International Workshop Towards User Modeling and Adaptive Systems for All (TUMAS-A 2009): Modeling and Evaluation of Accessible Intelligent Learning Systems. July 6 or 7, 2009, Brighton, UK, in conjunction with AIED 2009 Conference
Call for papers.
International Workshop Towards User Modeling and Adaptive Systems for
All (TUMAS-A 2009): Modeling and Evaluation of Accessible Intelligent
Learning Systems to be held in conjunction with the 14th International
Conference on Artificial Intelligence in Education (AIED 2009), July
6th - 10th 2009, Thistle Hotel, Brighton (England).
- Half-page abstract submissions: April 9, 2009.
- Workshop paper submissions: April 16, 2009.
- Notification of paper acceptance to authors: May 12, 2009.
- Workshop camera-ready copy due: May 26, 2009.
- Workshop day: July 6 or 7 (to be confirmed), 2009.
There is a growing interest in providing technology-mediated lifelong
learning services for ALL. Although an increasing number of the users
interested in these services are adult learners and people with
disabilities most available settings do not consider accessibility
requirements. The lifelong learning paradigm recognizes that, in a
knowledge based society, education and work are integrated throughout
people's lives. In this context, technology is expected to attend the
learning needs of the students in a personalized way. This paradigm,
of increasing importance in current knowledge-based societies, has
particularities that make not possible reusing existing solutions from
other fields. For instance, users (learners in this case) are moved by
objectives and thus more motivated in the activities performed.
Efficiency (learning efficiency) is critical, since usually people
require getting some skills of knowledge to be immediately applied.
Thus, it is a hot research issue how to build learning systems that
care which consider the functional diversity of users so that their
accessibility needs are met.
TUMAS-A is a series for workshops aimed to foster the research in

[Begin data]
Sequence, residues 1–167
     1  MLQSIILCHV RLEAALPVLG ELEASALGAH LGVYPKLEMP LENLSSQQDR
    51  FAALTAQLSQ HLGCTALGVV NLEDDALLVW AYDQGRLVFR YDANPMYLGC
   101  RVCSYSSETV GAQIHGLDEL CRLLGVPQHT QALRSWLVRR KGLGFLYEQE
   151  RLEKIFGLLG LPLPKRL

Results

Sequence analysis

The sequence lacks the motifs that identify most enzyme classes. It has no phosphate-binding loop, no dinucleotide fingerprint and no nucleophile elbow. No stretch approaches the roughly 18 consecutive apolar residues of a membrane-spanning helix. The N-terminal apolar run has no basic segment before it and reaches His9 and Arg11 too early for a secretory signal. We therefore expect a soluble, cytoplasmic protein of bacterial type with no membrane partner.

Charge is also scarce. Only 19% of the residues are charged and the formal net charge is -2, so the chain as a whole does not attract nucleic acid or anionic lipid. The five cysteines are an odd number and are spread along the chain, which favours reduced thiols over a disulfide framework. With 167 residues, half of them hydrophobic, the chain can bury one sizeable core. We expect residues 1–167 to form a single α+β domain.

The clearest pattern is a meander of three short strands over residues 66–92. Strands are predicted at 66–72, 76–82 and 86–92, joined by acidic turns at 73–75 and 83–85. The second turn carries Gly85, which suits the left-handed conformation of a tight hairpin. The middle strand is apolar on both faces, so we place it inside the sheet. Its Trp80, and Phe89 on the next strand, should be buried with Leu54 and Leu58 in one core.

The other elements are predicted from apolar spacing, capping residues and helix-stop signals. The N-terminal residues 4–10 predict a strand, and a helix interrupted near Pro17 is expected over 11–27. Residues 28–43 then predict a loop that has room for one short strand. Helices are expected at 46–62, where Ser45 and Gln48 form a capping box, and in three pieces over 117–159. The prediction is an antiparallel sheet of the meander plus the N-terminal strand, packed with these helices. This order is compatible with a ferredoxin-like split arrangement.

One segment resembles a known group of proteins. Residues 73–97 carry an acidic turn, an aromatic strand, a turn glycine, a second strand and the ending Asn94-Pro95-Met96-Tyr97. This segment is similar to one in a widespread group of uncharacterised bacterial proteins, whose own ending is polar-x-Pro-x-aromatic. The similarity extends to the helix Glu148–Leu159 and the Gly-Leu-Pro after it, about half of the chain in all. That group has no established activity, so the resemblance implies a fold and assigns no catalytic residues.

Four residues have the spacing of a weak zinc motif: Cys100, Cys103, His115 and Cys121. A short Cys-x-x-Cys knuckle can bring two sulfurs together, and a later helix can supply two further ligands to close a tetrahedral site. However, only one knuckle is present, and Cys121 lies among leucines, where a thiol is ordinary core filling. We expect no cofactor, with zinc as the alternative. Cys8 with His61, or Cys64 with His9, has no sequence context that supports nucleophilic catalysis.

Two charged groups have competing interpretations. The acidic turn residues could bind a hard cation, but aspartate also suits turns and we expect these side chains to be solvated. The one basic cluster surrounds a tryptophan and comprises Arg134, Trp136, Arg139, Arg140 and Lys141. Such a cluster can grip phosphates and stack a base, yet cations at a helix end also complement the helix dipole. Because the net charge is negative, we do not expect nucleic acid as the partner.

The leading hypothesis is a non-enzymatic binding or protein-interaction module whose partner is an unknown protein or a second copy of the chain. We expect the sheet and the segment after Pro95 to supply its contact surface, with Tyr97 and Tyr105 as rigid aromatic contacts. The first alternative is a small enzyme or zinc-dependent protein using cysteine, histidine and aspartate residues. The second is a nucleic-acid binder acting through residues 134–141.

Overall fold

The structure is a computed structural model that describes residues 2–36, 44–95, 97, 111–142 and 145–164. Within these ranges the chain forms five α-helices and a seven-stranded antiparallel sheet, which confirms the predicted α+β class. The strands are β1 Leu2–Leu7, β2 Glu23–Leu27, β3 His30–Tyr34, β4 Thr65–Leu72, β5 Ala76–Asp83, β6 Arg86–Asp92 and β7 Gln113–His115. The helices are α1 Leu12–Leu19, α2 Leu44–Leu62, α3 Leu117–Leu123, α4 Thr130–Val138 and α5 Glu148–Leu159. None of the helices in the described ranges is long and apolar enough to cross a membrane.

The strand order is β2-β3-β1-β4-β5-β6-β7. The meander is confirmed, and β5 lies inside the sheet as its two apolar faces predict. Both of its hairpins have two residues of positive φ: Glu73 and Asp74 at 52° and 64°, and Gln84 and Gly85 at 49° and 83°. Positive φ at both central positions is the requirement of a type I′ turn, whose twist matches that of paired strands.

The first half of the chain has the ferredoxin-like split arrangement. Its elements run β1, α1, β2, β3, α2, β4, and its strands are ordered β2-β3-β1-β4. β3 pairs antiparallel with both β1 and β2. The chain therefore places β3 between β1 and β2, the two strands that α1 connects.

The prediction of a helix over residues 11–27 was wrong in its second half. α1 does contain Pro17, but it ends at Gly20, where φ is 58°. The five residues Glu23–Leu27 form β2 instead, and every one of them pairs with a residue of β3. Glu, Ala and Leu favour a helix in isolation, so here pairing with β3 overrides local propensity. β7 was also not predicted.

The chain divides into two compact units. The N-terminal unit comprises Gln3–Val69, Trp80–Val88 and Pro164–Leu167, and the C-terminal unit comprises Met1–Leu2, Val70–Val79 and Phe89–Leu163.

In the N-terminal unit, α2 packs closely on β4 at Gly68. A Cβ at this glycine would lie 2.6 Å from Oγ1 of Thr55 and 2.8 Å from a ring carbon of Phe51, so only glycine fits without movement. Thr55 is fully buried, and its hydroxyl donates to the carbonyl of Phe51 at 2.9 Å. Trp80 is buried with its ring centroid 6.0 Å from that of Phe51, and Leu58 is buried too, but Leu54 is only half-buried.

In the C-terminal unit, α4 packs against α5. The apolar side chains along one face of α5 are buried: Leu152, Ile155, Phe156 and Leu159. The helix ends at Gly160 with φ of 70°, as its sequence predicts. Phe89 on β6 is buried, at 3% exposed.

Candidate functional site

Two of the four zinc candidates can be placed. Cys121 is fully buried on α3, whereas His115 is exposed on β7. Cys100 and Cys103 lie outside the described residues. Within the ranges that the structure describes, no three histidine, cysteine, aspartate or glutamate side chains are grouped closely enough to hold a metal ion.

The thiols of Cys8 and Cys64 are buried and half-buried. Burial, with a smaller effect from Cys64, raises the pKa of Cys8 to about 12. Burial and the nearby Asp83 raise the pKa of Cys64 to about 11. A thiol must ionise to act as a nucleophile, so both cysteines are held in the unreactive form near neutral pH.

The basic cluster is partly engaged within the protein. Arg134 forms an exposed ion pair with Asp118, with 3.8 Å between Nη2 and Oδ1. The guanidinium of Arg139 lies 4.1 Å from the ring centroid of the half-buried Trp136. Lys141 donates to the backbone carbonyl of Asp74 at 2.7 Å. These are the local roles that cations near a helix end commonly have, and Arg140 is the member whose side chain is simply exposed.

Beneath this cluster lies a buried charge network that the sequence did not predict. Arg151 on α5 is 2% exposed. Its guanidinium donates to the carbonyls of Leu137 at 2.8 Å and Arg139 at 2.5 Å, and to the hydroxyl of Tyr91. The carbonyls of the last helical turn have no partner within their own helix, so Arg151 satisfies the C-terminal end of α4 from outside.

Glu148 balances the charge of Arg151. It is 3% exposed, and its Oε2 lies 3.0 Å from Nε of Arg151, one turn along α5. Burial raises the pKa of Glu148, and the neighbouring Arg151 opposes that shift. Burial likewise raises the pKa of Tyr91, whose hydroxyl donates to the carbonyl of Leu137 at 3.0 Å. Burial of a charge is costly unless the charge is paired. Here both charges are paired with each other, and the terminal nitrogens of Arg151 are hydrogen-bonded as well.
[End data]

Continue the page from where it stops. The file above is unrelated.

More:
learning environments that provide a personalized, accessible and
ubiquitous support for their users (learners, facilitators,
professors, etc) using the appropriate technologies and standards.
Many fields can provide fruitful discussion to these research goals.
To take advantage of this multi-disciplinary need, the TUMAS-A
workshops are being organized in conjunction with relevant conferences
from different but related fields. In this way, the 1st TUMAS-A
workshop was organized in 2007 in conjunction with the User Modeling
conference. Relevant feedback was obtained regarding how users and
their interactions should be modeled. Last year, in the WI/IAT 2008
conference, the 2nd TUMAS-A workshop put the focus on the intelligent
technology that could be used to support that modeling. Both
conferences provided outcomes to establish the pillars for deploying
learning systems that care on the needs of all the users, in all the
We consider that AIED is an appropriate audience for the 3rd edition
of the TUMAS-A workshop and can contribute to enrich aforementioned
issues with new insights on knowledge representation for learning
systems that care for any type of user, including their interaction
and accessibility needs, from their wide perspectives in intelligent
systems and cognitive science for educational computing applications.
All fields involved in the AIED community are of major relevance for
this workshop. Moreover, the benefit is mutual, since this 3rd edition
of the TUMAS-A workshop in AIED 2009 brings together the experience
from previous editions.
Most of the topics addressed by the AIED 2009 main conference are of
relevance for the TUMAS-A 2009 workshop. However, our objective is to
foster the AIED community to explicitly take into account all users
and all contexts when building learning systems that care, that is,